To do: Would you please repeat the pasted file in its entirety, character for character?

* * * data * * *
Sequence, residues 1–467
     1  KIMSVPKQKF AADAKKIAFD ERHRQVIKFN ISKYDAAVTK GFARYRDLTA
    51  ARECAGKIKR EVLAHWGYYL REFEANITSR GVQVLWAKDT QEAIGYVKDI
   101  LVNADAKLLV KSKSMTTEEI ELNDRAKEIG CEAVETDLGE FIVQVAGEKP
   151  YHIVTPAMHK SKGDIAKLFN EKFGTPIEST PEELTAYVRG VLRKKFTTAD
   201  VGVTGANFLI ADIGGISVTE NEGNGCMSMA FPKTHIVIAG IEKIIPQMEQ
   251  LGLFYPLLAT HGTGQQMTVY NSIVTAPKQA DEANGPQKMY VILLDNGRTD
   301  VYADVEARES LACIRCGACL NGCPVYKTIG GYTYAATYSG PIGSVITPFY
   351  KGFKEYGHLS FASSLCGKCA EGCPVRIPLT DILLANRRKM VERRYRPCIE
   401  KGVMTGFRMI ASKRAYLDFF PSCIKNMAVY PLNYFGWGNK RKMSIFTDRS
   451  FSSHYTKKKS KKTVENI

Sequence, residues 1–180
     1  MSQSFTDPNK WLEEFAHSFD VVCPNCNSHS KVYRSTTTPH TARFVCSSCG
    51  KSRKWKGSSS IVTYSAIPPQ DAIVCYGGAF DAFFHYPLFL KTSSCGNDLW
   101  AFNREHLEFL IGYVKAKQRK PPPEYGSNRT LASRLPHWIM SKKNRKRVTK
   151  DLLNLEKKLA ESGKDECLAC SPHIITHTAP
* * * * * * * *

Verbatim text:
Sequence, residues 1–467
     1  KIMSVPKQKF AADAKKIAFD ERHRQVIKFN ISKYDAAVTK GFARYRDLTA
    51  ARECAGKIKR EVLAHWGYYL REFEANITSR GVQVLWAKDT QEAIGYVKDI
   101  LVNADAKLLV KSKSMTTEEI ELNDRAKEIG CEAVETDLGE FIVQVAGEKP
   151  YHIVTPAMHK SKGDIAKLFN EKFGTPIEST PEELTAYVRG VLRKKFTTAD
   201  VGVTGANFLI ADIGGISVTE NEGNGCMSMA FPKTHIVIAG IEKIIPQMEQ
   251  LGLFYPLLAT HGTGQQMTVY NSIVTAPKQA DEANGPQKMY VILLDNGRTD
   301  VYADVEARES LACIRCGACL NGCPVYKTIG GYTYAATYSG PIGSVITPFY
   351  KGFKEYGHLS FASSLCGKCA EGCPVRIPLT DILLANRRKM VERRYRPCIE
   401  KGVMTGFRMI ASKRAYLDFF PSCIKNMAVY PLNYFGWGNK RKMSIFTDRS
   451  FSSHYTKKKS KKTVENI

Sequence, residues 1–180
     1  MSQSFTDPNK WLEEFAHSFD VVCPNCNSHS KVYRSTTTPH TARFVCSSCG
    51  KSRKWKGSSS IVTYSAIPPQ DAIVCYGGAF DAFFHYPLFL KTSSCGNDLW
   101  AFNREHLEFL IGYVKAKQRK PPPEYGSNRT LASRLPHWIM SKKNRKRVTK
   151  DLLNLEKKLA ESGKDECLAC SPHIITHTAP